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Sundial

JFK files delayed (again), Puerto Rico’s power outages, and Ball & Chain’s reopening

Patrons wait outside the ball and chain bar under a great and white awning as people gather inside
Gaston de Cardenas
/
Miami Herald
The Ball & Chain nightclub in Little Havana will reopen within a month resolving code violations that forced it to close for nearly a year. The club owners say the code issues were politically motivated and have filed suit.

The government delayed the release of confidential JFK files once again. Puerto Rico is still facing power outages. Plus, a look into the landmark Miami club Ball & Chain's reopening.

On this Wednesday, Oct. 27, edition of Sundial:

JFK documents delayed-release

The White House has delayed the release of documents that detail the government’s classified information regarding the assassination of former President John F. Kennedy.

The documents were supposed to go public Wednesday, following a previous delay by the Trump administration in 2017.

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Bryan Bender is the senior national correspondent for POLITICO. He mentioned why the Biden administration decided to keep withholding these documents from the public.

“There’s still things in these files that need to be shielded,” Bender said. “If we just throw them out there, it could harm national security. And they also make a COVID argument.”

The Central Intelligence Agency has often said releasing the documents could expose the sources and methods of how the agency gathers information. Bender said the overwhelming counterargument is the sources in those files, which date back to more than 50 years ago, are most likely dead.

“And even if their methods we’re still using, the idea that nobody knows about these methods … seems to be a little silly,” Bender said.

One of the censored files involves the CIA’s office in Miami and a plot to kill Fidel Castro.

“Lee Harvey Oswald, it’s public knowledge, was involved with some Cuban exiles, groups that wanted to overthrow Fidel Castro in Cuba,” Bender said. “The United States government had a number of plots underway to try and get rid of Fidel Castro, who was seen as a threat.”

Bender mentioned that Biden put a process in place to continue reviewing these documents. The president might release some of these files by the end of this year, but the CIA could convince him to keep delaying.

JFK documents delayed-release

Puerto Rico power outages

After Hurricane Maria, hundreds of thousands of people on the island of Puerto Rico did not have electricity. Many people are still living with constant power outages and rolling blackouts.

The 2017 hurricane exposed the vulnerability and weakness of the island’s electrical grid. In June, Puerto Rico Electric Power Authority transferred its operations to LUMA Energy, which is a private entity, to help improve the grid.

However, there haven't been too many improvements and people are protesting. PREPA, a public entity, still generates the island’s electricity.

Patricia Mazzei covers Puerto Rico for the New York Times. She said there’s been too many power outages to count. Sometimes the lights flicker, and other times there have been huge outages.

“I was at a bakery buying coffee and breakfast, and the power went out right before I went to pay,” Mazzei said. “There’s this group groan of resignation and everyone’s like, ‘Oh, not again.’”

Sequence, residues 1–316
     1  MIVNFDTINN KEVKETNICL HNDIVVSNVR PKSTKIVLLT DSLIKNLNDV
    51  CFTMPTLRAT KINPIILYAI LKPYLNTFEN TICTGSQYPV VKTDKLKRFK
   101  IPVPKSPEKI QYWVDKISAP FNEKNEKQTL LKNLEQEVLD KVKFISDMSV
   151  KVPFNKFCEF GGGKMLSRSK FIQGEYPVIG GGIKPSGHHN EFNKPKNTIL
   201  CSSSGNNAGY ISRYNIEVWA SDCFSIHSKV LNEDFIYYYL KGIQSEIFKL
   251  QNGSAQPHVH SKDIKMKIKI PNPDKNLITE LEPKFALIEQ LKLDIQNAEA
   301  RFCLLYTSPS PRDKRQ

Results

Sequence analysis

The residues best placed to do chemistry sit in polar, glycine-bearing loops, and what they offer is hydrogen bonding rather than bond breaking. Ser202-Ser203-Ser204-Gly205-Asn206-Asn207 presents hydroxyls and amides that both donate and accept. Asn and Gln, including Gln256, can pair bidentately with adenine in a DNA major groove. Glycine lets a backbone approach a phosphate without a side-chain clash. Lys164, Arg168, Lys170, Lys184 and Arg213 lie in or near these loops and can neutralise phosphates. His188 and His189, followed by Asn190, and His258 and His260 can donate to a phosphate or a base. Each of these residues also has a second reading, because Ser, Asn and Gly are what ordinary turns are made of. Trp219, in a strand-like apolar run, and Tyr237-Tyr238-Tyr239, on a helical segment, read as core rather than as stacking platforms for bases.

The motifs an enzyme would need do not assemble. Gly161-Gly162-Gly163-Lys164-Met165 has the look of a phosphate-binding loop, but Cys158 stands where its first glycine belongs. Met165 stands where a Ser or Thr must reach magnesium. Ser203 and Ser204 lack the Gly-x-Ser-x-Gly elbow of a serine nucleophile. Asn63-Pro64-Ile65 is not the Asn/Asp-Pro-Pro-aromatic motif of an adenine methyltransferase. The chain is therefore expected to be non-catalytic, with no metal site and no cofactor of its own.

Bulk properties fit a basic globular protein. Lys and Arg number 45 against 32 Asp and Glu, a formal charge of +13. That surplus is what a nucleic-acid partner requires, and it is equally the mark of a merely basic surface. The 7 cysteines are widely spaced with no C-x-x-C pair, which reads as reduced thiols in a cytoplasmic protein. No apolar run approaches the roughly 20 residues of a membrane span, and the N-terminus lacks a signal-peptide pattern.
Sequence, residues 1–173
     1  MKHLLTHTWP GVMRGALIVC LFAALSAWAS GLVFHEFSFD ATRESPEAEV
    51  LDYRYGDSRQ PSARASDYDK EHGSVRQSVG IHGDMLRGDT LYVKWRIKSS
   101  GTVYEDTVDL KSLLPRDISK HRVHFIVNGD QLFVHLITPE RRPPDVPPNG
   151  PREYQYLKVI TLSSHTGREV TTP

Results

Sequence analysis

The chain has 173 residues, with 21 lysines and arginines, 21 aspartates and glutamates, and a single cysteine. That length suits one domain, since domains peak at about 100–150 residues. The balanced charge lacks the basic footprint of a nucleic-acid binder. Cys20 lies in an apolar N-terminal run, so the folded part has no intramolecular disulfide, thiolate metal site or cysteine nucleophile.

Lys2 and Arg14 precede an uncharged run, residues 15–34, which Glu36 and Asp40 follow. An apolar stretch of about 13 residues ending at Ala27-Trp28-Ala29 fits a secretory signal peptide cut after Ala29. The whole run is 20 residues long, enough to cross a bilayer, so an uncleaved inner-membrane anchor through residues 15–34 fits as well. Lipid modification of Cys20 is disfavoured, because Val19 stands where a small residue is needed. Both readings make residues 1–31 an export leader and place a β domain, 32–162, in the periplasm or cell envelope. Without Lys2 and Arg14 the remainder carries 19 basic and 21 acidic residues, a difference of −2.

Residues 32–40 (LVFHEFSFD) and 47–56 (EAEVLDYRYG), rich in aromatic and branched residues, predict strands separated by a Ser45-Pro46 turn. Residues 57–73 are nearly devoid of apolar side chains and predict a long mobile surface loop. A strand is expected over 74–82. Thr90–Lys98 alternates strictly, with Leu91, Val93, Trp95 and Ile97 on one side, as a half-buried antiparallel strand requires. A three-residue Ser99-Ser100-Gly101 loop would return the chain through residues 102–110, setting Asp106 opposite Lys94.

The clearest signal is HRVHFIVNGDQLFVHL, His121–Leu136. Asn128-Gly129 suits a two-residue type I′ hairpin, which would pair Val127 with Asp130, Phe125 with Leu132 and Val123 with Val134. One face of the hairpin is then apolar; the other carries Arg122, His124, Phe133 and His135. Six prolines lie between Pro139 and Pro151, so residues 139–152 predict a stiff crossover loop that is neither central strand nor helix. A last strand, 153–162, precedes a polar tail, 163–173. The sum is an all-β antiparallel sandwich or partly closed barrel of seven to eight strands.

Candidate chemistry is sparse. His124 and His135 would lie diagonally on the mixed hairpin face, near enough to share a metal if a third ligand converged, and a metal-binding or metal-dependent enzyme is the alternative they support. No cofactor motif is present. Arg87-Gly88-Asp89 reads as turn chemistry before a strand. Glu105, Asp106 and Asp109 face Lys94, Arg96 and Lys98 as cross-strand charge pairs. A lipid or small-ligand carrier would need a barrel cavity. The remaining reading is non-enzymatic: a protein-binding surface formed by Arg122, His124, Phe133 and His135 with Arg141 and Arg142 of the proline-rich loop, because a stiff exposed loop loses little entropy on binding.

It’s moments like that one in the bakery that Mazzei said people have become accustomed to over the years.

PR_electric grid.jfif
Denis M.Rivera-Pichardo
/
AP/Miami Herald
A laborer from the Puerto Rico Power Authority works to restore power in Adjuntas, Puerto Rico, on July 12, 2018.

The government of Puerto Rico reasoned that privatizing the transmission and distribution of power would give Puerto Ricans better service at a better cost, said Mazzei. LUMA Energy is supposed to initiate projects to modernize and restore the electrical grid.

“Puerto Ricans know that the system is this sort of very frail patchwork,” she said.

Puerto Rico power outages

Ball & Chain club reopening

Miami’s nightlife scene is having a steady revival as clubs and bars welcome customers, after being shut down for the majority of 2020.

One of the latest re-openings includes Little Havana’s landmark Ball & Chain. The club has been shut down for more than a year. With this reopening, the Ball & Chain owners hope to bring Calle Ocho back to life.

However, they’ve had to overcome many challenges including code violations and hiring an entirely new staff after most of the former workers found other jobs during the pandemic.

Miami Herald food editor Carlos Frías has been covering Ball & Chain’s reopening, as well as the ongoing political drama between its owners and the city of Miami. He noted the economic importance of Ball & Chain bringing customers and tourists back to the area.

“I think that section of Little Havana really missed Ball & Chain as far as livelihood,” Frías said.

The club owners and the city have gone through legal battles for the past few years. In September, company that owns Ball & Chain sued the city of Miami for nearly $28 million over alleged harassment and unfair treatment from city officials.

The owners claim Commissioner Joe Carollo is seeking revenge on them for not supporting his political campaign. Frías said this has led to the city stating the club had more than 40 deficiencies, which eventually forced the club to shut down. The owners claim most of these deficiencies are false or were fabricated.

Frías said Ball & Chain will likely re-open in the next few weeks.

Ball & Chain club reopening

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Amber Amortegui is a senior studying journalism at Palm Beach Atlantic University. Born and raised in Davie, Fla., Amber is a native South Floridian who embraces one of America’s most diverse regions.